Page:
You then have a car with a mindblowing engine but horrid handling. Does that car have character? Possibly yes.

So what I meant is when a car does everything ok but not in a distinct manner it fails to convey a strong sense of character.

And yet you may have a car that does not do everything well but is distinct in a few attributes, endowing it with a distinct caharacter.

Further you may have a car with a strong character/distinctness which is also a fine performer.

Once again a car's character should not be confused with how good or bad it is with respect to its attributes often measured in terms of handling, performance etc
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Old 22nd July 2009, 12:52   #12
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Quote:
Originally Posted by nikhilbelsare View Post
I'm sure, Fiat lovers will tell you the same about their GTXs.



There are Hondas, Suzukis and Toyotas (No offense meant). No doubt, they are great cars. But, you know, they lack something. Maybe the passion, the zeal to build cars. You can say they are mass produced and perfect. On the other hand you have cars like Mini Cooper, Fiat 500. They may not be the best cars ever made. And yes, they too are mass produced but they are different. Different from every other car on the block. And have a lot of character.
Nice articulation, and as someone who sold his GTX after eight interesting years, I know what you are referring to.
To the second paragraph - one category, mass produced and perfect. Other category, mass produced and different. Your words, not mine! Different as in? Not enough to say as in having lots of character in a thread where we are trying to define that very word!
And it is always nice to meet a Tarantino fan

By the way, I also agree with Vikram - lets keep things in perspective, they are all just cars. Projecting our egos on to them is the reason for all the flames and the wars on this forum as in many others, but if you can remain detached, it can be very entertaining
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Old 22nd July 2009, 13:00   #13
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Tata Sierra, now what? Run your memory on this car, and what you feel is what is its character.
For me this the car that takes the rough with the smooth. And when I saw this thread this is the only car that come to mind.

Guess each one of us will have some or the other car, that would stand out, but I have a feeling the newer cars will not figure much in it. As all manufactures nowadays want to play safe and make something mass-acceptable.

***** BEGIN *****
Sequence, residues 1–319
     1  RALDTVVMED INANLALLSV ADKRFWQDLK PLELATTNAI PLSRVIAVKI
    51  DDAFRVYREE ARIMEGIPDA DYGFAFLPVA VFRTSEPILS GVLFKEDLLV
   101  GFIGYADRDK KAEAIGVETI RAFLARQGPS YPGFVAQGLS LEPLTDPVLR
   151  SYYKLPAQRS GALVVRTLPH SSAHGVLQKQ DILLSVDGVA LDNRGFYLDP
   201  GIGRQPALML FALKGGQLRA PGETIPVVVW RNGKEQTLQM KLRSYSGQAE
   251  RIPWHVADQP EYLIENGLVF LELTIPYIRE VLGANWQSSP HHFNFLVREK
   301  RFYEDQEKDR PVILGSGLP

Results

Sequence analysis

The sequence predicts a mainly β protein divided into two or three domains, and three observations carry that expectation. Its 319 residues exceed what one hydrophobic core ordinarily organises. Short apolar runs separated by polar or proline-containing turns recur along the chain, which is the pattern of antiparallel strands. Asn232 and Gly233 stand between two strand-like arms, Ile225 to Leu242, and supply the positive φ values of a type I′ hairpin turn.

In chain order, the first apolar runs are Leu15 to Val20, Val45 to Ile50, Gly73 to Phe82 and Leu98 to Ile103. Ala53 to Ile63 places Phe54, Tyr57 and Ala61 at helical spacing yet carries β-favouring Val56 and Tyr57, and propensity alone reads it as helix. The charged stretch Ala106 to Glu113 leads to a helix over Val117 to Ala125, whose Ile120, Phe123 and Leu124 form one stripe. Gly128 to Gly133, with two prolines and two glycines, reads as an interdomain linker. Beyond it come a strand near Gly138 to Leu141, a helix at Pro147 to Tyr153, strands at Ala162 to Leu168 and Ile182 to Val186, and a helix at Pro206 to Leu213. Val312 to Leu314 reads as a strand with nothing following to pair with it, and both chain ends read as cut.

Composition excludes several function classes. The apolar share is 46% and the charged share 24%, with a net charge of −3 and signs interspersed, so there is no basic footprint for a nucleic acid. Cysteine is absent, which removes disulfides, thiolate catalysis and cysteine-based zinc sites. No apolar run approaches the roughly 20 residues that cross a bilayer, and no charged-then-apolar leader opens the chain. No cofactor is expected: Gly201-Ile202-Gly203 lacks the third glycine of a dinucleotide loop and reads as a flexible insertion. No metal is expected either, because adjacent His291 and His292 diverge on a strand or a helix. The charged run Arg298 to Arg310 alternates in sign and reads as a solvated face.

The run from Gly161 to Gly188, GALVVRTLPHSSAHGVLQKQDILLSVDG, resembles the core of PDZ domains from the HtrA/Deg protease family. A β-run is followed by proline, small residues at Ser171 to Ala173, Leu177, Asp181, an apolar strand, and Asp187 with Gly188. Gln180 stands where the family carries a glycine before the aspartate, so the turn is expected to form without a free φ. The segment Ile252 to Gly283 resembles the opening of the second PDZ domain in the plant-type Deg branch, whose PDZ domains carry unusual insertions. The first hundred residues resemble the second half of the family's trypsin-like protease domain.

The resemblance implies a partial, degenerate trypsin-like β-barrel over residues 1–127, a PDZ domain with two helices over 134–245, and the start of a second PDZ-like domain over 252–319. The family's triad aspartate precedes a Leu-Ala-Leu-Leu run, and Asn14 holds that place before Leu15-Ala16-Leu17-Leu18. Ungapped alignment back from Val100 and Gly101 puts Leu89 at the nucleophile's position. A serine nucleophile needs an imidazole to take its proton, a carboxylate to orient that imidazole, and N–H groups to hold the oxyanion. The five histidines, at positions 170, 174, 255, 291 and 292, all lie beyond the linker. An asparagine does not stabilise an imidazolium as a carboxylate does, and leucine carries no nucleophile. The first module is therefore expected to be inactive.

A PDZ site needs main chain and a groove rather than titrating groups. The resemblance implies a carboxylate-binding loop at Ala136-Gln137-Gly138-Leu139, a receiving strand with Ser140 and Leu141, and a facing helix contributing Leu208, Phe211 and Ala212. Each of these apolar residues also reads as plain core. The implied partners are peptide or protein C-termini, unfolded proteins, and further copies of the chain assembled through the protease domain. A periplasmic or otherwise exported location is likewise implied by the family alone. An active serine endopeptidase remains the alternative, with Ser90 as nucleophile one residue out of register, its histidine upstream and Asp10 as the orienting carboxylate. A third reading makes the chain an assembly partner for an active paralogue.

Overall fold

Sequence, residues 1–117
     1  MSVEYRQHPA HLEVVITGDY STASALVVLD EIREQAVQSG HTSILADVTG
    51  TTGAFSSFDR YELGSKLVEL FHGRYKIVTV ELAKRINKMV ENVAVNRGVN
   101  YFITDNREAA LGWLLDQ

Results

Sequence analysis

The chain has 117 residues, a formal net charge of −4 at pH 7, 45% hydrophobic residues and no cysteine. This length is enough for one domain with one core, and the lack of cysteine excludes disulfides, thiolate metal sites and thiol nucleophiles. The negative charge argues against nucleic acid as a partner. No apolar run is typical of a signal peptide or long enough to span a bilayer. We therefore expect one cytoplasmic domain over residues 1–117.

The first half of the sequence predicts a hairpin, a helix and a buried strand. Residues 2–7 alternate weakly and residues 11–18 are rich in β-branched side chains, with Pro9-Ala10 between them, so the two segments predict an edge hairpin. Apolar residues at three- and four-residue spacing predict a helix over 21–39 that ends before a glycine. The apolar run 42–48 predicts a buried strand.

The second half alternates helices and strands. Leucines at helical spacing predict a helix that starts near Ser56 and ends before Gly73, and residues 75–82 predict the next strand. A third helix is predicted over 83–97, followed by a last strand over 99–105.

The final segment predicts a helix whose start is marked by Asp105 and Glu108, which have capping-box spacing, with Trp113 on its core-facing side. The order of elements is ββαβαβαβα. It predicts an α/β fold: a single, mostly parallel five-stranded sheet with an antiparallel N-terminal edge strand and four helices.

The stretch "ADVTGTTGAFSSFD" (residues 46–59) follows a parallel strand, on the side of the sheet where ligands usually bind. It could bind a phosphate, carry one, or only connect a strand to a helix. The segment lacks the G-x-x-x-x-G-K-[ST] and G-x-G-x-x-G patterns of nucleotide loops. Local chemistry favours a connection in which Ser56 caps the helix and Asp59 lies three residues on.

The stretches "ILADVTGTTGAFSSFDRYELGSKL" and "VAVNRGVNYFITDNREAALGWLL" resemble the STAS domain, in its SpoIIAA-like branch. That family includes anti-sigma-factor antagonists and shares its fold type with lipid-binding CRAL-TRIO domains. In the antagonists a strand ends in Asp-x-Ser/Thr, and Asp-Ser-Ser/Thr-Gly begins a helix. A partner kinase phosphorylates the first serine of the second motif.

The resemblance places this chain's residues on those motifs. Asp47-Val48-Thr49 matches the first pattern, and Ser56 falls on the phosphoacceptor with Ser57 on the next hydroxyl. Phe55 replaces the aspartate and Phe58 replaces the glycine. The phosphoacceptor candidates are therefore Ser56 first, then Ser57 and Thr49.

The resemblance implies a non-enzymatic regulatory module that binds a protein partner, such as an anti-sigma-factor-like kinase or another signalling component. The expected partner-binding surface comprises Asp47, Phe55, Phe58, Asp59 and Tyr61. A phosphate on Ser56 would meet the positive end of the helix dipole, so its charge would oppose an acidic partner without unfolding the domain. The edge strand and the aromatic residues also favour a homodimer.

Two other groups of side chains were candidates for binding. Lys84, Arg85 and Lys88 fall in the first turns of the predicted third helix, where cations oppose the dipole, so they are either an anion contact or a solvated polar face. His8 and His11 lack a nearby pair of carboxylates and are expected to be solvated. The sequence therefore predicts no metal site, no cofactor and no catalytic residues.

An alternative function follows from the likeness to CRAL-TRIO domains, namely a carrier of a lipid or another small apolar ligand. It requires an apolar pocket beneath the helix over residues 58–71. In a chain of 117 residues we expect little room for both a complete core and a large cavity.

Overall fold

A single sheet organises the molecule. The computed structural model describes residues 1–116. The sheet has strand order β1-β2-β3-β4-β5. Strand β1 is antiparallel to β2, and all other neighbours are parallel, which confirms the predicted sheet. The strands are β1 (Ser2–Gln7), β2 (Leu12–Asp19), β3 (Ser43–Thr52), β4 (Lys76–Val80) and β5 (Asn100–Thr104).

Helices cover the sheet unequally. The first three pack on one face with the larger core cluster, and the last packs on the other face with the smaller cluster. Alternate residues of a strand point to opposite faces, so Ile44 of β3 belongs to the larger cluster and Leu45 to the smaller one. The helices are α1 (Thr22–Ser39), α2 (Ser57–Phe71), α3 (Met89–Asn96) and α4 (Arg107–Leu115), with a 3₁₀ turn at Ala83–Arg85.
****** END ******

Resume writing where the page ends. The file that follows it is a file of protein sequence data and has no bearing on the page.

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Old 22nd July 2009, 13:04   #14
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Take the case of Aston Martin and James Bond.When it was introduced in 1963 in Goldfinger and to this day its a charecter in that car that has bonded so well.
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Old 22nd July 2009, 13:07   #15
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Quote:
Originally Posted by DKG View Post
Sawyer to me a car's character has nothing to do with how many of them flood the market. There were millions of VW Beetles. Did the car have any character? You bet it did.




You have a car that accelerates well, rides comfortably and gets you efficiently from point A to B. Does that necessarily entail a strong character? Not necessarily.

You then have a car with a mindblowing engine but horrid handling. Does that car have character? Possibly yes.

So what I meant is when a car does everything ok but not in a distinct manner it fails to convey a strong sense of character.

And yet you may have a car that does not do everything well but is distinct in a few attributes, endowing it with a distinct caharacter.

Further you may have a car with a strong character/distinctness which is also a fine performer.

Once again a car's character should not be confused with how good or bad it is with respect to its attributes often measured in terms of handling, performance etc
Interesting explanations - and I agree that the Beetle was a car that was both popular and had a lot of character. Was it just the distinct looks? That it looked like no other car?
Second para above - what more would that car need to have, in order for it to have character as well? Be distinct yes, but in what way?
Third para above - what would the horrid handler with the mindblowing engine need to have to convert the possibly into a yes?
I am trying to ensure that we do not define character by just exchanging words, and saying distinct instead.